Yes, it’s been dark lately in our world.
I was recently transfixed by a feature article by Joel Gunter for BBC Africa. A bashful young man from Ghana, who we’ll call Azeteng, was fascinated, like me, by spy stories. Unlike me, he decided to undertake an espionage mission that would intimidate James Bond.
He would join the desperate caravan of people who paid corrupt smugglers to take them from West Africa into the greener pastures of Europe, paying his way by selling his livestock. However, his sights were not on Europe, but rather on capturing the crimes of the smugglers in photos taken with the spy spectacles he had purchased.
After making his initial payment, he traveled with his fellow migrants by bus to Mali, then in the back of a packed truck through the Sahara Desert.
Azeteng wrote in his diary. “In the desert there are no friends and no family, and only God stands as your friend. There is no water, no food and no trees. The desert looks like the sea, and the sun is unbearable.”
Every step of the way, the migrants are asked for money and told to ask relatives for it if they’ve run out. If they don’t produce the money, the women are often sold as sex slaves while the men are beaten or killed.
All the while…Azeteng was taking photos with his spy spectacles, along with collecting other pieces of evidence incriminating the smugglers. When some smugglers called him over, Azeteng, to be safe, quickly removed the memory card with the photos, swallowed it, then gave them the glasses as requested. Later he vomited up the memory card.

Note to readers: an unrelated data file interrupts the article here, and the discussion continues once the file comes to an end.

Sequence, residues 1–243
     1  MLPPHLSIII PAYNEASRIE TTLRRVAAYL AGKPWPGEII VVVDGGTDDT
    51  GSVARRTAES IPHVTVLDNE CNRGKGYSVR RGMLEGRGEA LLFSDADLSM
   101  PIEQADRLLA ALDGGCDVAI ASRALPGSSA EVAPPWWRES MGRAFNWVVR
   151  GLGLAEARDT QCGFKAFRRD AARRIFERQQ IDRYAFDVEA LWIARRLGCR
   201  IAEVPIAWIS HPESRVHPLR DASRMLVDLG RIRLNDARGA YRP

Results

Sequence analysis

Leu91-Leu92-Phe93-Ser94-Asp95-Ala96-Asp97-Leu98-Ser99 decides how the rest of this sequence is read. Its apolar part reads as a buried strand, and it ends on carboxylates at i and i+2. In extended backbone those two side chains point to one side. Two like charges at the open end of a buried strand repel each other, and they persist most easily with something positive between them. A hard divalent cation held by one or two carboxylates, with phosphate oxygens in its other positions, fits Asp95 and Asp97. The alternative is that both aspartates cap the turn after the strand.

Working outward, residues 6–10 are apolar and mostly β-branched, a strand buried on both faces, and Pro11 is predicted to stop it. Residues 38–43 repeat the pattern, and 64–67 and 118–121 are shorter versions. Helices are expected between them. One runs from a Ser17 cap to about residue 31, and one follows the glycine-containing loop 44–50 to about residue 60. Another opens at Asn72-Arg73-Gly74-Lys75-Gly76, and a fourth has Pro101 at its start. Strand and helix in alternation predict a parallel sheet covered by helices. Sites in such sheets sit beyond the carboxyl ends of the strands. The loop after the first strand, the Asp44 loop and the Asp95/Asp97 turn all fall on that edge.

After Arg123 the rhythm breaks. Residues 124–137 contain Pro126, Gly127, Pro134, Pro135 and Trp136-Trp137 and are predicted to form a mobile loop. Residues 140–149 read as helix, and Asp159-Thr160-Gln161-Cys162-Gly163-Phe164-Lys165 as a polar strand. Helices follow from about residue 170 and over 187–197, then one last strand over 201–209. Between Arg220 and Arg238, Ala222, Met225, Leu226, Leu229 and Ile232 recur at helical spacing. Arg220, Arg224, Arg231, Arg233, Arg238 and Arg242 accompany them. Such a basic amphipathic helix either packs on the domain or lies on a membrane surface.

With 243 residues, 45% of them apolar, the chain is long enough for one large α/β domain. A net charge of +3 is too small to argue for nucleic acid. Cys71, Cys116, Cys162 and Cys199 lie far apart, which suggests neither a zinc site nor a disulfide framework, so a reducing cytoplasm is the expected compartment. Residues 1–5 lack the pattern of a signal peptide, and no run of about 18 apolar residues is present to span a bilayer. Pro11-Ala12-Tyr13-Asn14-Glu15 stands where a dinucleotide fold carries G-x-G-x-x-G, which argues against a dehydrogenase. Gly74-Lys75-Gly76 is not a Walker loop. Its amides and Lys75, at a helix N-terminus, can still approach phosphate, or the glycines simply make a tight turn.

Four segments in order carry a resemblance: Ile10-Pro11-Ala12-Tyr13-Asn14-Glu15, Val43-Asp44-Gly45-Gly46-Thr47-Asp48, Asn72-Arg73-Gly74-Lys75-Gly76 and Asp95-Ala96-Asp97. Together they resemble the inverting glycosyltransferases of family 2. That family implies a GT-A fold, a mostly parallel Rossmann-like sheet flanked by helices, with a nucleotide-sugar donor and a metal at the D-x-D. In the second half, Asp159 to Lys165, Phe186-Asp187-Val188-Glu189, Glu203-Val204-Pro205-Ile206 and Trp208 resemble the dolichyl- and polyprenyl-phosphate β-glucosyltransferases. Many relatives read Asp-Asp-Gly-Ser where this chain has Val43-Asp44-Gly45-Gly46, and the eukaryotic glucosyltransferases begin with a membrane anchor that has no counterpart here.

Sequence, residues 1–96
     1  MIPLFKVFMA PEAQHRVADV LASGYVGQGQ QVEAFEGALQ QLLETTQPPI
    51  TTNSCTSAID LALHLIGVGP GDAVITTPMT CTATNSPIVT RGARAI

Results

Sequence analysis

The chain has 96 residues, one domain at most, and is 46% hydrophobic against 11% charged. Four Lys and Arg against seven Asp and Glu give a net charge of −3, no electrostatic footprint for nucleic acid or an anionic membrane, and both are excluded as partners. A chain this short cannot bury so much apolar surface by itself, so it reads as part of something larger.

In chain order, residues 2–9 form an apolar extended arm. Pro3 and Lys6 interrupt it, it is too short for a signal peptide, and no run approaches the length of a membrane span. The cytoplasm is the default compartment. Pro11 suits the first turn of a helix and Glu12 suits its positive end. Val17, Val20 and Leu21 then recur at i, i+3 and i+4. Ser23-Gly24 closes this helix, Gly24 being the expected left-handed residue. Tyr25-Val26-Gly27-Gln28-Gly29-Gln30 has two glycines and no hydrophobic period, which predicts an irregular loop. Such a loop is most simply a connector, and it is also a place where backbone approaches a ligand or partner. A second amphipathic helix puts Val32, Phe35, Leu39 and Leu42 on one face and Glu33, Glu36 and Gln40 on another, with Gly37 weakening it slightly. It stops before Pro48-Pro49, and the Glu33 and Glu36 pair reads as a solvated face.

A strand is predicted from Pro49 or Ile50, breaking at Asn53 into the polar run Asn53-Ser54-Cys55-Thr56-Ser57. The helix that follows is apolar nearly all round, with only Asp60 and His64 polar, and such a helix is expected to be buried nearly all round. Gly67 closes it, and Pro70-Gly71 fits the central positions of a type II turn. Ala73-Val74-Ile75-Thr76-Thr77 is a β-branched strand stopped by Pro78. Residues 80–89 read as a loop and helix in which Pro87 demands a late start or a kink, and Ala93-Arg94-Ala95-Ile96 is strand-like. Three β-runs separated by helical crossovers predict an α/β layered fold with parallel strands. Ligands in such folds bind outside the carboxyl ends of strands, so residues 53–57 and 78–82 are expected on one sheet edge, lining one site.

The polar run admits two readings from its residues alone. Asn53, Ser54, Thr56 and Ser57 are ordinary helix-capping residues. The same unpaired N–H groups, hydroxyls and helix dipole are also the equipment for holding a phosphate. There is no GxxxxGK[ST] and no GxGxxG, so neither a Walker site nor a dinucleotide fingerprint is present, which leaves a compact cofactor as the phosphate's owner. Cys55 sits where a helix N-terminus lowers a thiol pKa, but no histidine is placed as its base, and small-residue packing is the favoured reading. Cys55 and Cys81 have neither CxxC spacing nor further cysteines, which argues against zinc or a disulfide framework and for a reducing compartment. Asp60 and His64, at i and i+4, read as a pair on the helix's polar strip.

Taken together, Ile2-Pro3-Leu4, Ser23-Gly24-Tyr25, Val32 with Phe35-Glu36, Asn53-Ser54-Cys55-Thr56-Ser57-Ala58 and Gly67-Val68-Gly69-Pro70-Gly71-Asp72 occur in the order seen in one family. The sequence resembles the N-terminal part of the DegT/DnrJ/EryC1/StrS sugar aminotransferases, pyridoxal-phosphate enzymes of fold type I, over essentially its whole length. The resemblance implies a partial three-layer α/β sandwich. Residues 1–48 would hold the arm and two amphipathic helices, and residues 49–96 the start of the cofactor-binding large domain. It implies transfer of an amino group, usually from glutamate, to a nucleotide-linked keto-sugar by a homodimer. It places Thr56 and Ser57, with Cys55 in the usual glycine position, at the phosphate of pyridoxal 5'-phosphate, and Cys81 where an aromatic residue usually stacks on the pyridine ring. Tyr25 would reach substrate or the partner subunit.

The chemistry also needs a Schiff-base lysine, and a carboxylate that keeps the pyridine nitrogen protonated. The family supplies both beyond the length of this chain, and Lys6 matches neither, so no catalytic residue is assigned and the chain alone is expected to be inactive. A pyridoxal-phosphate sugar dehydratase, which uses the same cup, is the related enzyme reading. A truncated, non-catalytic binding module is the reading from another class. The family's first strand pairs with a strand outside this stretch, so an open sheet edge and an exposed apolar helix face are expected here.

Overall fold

Eventually Azeteng escaped the smugglers and, with the help of an Algerian law student, returned home. He handed his evidence to the proper authorities, which helped them to make a good number of arrests. Azeteng confessed, “What I have seen with my eyes is not easy.”
Yet…Azeteng purchased another set of spy spectacles, planning to become a journalist, hoping to bring more of the world’s wrongs into the light.
It’s an unforgettable story, which you can read here if you like. I was amazed and grateful that a writer was able to send me on this journey—aware that I was making it from the cocooned comfort of my home, with Amazon and Zoom just a tap away.
Stories really can take us anywhere, can’t they?
Most of us have never experienced anything quite like the trials Azeteng has faced, but lately we’ve seen more existentially-precarious days than we’re accustomed to.
If Azeteng can brave the dark and spy the light, then I guess we all can.
President, Gotham Writers Workshop